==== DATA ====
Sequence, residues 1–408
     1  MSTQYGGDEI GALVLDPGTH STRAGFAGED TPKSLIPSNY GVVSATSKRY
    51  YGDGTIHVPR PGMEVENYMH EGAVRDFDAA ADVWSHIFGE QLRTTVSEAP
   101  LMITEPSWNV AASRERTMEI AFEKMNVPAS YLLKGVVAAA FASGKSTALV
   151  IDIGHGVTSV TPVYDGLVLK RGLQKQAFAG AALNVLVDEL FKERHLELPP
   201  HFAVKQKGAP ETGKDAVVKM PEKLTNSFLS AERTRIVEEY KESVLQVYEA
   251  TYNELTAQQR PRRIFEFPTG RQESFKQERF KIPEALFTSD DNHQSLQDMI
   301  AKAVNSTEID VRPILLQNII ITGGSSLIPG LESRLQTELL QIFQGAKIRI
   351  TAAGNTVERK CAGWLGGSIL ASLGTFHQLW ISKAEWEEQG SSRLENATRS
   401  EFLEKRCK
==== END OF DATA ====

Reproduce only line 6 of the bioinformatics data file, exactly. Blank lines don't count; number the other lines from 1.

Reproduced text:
   201  HFAVKQKGAP ETGKDAVVKM PEKLTNSFLS AERTRIVEEY KESVLQVYEA